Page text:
But in the opinion of their Lordships, the onus of proof on the question whether there was consideration or whether the full consideration stated in the mortgage did in fact pass is wholly on the defendants and it is not for the plaintiff to prove this matter affirmatively.

The position would be the same if the 1st defendant pleaded subsequent failure of consideration. Once consideration is found to have been admitted by a person, the onus of proving its failure would have to be, generally speaking, discharged by him or by those who claim through him.

4. But inasmuch as the defendants in the Privy Council decision happened to be the son and grandson of the mortgagor, learned Counsel for the appellant contended that the onus of proving the want of consideration should lie, in view of the admission by the 1st defendant in the mortgage-deed, not only on him, but on his minor sons as well. It must be, however, remembered that Durjan Sal had apparently died before the suit and his son and grandson were being sued on the mortgage executed by their father and grandfather as his heirs or legal representatives and the question as to the extent of consideration alone, as distinct from the question of its being binding on the son or the grandson, was being taken by their Lordships into consideration.

5. Learned Counsel for the respondents has drawn my attention to a decision of this Court in Mariappa Goundan v. Palaniappa Goundam : AIR1930Mad796 . which refers to an earlier decision of a Division Bench of this Court in Raghavendra Rao v. Venkatasami Naickan : AIR1930Mad251 . and holds that the admission contained in a recital of a document only applies to the case where the suit is brought either against its executant himself or against persons who are claiming under him and has no application to the persons on whom the family properties devolve by the rule of survivorship. This seems to be correct as apart from the question of a pious obligation which alone is not sufficient to validate a mortgage as such, the fact whether the father's statement in the recitals of a document binds the other members of the coparcenary would depend on the fact whether he was entitled to make an alienation on their behalf. It is unnecessary however to rest my decision on this ground as the plaintiff, if he wishes to enforce the mortgage qua mortgage and to get a decree for sale against the sons' interests, will have to establish that the mortgage had been effected by the 1st defendant either for a legal necessity or for the payment of an antecedent debt. If the plaintiff succeeds in establishing his allegation, the mortgage of the minors' interest in the joint family property would have to be held valid. In order to substantiate his allegations against the sons, the plaintiff: would have to prove either necessity in fact or its legitimate substitute, a bona fide and proper enquiry as to the existence of such necessity or the existence of antecedent debts. Since he cannot succeed in getting his decree for sale against the sons without proving these facts, he must prove against the minors, in spite of the recital contained in Ex. A, the money which he advanced to the 1st defendant for legal necessity or on his behalf to his creditors in payment of antecedent debts and the recitals by the 1st defendant alone are not sufficient against them to shift the onus of proof.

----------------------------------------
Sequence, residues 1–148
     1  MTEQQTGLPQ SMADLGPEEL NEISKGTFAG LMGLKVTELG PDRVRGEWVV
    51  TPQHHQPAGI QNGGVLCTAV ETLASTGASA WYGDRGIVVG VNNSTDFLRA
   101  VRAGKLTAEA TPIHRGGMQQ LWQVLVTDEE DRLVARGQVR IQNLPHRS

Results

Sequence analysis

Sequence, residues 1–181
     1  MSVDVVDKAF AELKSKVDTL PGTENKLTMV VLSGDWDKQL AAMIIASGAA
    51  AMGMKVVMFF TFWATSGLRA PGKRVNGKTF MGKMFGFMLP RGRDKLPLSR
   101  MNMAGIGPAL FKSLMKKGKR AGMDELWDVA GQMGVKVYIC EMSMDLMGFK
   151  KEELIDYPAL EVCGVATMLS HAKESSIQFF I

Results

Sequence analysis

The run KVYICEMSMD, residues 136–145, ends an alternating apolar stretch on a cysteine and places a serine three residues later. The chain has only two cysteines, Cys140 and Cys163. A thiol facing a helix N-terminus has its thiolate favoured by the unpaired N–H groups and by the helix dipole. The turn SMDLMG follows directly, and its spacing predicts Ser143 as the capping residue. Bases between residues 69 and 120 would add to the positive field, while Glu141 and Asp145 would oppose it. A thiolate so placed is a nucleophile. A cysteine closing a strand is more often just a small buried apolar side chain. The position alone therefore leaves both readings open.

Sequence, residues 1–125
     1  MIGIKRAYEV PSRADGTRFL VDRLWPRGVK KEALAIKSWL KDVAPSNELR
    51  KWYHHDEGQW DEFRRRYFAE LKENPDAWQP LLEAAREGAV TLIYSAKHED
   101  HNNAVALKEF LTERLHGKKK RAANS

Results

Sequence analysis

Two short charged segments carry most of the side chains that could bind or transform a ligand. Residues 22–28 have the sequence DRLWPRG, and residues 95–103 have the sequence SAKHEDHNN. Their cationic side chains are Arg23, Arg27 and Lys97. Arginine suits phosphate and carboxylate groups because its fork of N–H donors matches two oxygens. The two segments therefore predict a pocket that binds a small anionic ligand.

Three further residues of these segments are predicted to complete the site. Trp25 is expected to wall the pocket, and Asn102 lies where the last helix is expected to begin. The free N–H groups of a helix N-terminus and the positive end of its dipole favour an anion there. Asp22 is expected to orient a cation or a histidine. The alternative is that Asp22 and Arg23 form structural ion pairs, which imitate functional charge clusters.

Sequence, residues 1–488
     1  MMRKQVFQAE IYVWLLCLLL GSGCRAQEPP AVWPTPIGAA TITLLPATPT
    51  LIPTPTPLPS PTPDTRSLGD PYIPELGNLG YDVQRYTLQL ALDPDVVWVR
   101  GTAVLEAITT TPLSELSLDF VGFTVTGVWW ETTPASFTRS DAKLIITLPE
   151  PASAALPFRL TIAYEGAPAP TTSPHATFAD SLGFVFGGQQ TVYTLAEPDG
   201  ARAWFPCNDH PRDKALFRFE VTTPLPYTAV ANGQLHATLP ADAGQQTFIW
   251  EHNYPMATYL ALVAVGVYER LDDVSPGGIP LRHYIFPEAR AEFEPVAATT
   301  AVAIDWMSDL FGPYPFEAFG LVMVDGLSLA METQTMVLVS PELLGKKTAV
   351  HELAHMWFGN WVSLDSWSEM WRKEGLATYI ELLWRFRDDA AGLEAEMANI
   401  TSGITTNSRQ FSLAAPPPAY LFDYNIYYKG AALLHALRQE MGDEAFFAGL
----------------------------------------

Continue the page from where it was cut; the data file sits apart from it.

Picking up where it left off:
6. The first issue therefore would have to be sub-divided into two portions laying the onus on the 1st defendant so far as his denial or plea as to failure of consideration is concerned and on the plaintiff both in regard to the payment of consideration by him as well as to the existence of legal necessity or of antecedent debts which could have entitled the father (the 1st defendant) to alienate his sons' interest in the joint family property.